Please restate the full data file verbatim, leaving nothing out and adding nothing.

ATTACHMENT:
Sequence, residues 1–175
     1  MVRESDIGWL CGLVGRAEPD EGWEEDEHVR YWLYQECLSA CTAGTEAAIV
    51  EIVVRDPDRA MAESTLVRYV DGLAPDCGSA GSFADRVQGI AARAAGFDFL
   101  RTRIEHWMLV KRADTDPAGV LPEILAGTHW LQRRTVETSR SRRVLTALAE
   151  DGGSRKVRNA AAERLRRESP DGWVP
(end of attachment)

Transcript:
Sequence, residues 1–175
     1  MVRESDIGWL CGLVGRAEPD EGWEEDEHVR YWLYQECLSA CTAGTEAAIV
    51  EIVVRDPDRA MAESTLVRYV DGLAPDCGSA GSFADRVQGI AARAAGFDFL
   101  RTRIEHWMLV KRADTDPAGV LPEILAGTHW LQRRTVETSR SRRVLTALAE
   151  DGGSRKVRNA AAERLRRESP DGWVP